The Hunger Games, which has landed at Lionsgate, is being set up and touted as the next Twilight. And the studio is hoping for a gargantuan hit franchise. Director Gary Ross, perhaps best known for Seabiscuit, was chosen to helm the first installment of Suzanne Collins's brutal trilogy. He has come forward to explain why he feels the three movies need to be rated PG-13.
The story of The Hunger Games follows sixteen-year-old (and not yet cast) Katniss Everdeen, a young women coming of age in a post-apocalyptic landscape where she must fight to the death in an annual televised competition that pits boys and girls from different districts against each other. The book is quite violent, and could, if filmed as written, garner an R rating. But Ross won't let that happen:
"It's not going to be an R-rated movie because I want the 12- and 13- and 14-year-old-fans to be able to go see it. This book means too much to too many teenagers for it not to be PG-13. It's their story and they deserve to be able to access it completely. And I don't think it needs to be more extreme than that. I don't need to have a huge prosthetic budget or make this movie incredibly bloody in order for it to be just as compelling, just as scary, and just as riveting. (It's not) an overly graphic book. Even things like the Tracker Jacker sequence, while horrific, it's the ideas that Suzanne has created that are so harrowing."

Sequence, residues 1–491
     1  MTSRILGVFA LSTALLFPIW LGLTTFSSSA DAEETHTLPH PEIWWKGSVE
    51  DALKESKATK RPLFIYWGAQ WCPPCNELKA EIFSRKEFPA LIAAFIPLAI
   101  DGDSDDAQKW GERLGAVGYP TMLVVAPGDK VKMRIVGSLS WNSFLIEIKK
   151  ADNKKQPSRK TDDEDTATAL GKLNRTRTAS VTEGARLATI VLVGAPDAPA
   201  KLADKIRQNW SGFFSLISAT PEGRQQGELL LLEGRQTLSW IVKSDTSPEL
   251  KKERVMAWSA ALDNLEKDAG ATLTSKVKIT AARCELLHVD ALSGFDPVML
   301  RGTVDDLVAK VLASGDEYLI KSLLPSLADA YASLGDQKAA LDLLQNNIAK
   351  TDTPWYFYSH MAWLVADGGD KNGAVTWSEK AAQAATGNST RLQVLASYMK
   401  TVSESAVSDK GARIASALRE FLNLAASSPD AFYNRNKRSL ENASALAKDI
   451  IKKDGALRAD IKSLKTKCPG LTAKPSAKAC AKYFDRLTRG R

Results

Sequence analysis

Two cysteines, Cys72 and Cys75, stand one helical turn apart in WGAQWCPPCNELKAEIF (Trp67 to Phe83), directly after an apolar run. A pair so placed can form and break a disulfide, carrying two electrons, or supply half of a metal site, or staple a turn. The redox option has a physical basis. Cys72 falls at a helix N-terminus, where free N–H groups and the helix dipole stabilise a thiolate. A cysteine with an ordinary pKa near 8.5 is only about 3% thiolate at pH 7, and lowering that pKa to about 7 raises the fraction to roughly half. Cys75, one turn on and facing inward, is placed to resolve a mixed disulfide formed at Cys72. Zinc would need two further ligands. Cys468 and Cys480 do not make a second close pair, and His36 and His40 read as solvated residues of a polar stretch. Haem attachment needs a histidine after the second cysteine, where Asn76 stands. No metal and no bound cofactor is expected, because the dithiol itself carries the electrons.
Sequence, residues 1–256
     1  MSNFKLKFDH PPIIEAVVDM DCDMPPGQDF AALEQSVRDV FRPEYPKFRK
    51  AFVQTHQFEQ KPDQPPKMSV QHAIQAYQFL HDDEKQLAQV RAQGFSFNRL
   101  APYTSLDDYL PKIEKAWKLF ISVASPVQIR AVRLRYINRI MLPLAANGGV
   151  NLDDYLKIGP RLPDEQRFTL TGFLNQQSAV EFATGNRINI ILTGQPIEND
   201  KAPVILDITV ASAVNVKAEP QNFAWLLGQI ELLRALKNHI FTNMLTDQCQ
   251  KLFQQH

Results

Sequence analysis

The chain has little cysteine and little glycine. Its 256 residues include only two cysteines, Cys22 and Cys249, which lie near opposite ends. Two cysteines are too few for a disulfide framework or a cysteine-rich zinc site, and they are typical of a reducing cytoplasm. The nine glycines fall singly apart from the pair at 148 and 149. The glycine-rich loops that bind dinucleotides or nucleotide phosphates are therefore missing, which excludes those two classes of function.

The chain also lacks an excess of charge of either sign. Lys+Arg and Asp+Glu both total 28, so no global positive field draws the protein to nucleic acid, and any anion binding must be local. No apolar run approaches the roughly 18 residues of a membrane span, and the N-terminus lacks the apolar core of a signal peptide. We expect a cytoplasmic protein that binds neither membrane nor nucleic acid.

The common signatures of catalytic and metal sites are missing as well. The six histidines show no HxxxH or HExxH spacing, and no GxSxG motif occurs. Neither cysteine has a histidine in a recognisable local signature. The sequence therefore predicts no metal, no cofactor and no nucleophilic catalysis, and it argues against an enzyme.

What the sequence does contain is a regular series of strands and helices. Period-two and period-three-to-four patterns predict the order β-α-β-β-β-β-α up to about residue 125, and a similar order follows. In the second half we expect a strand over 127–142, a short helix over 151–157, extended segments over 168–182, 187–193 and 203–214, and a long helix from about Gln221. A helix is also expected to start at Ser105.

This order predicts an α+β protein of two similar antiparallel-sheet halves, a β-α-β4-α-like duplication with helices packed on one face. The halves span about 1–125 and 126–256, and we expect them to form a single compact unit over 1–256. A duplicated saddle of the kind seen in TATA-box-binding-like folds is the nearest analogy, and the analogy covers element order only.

"I think anybody who's read the two books knows that they are as different as night and day, with very little in common other than the youthfulness of their protagonists. I mean, Holden Caulfield is young too! But as a producer you can't help but be thrilled that people are comparing something that you're working on to something that so many people love.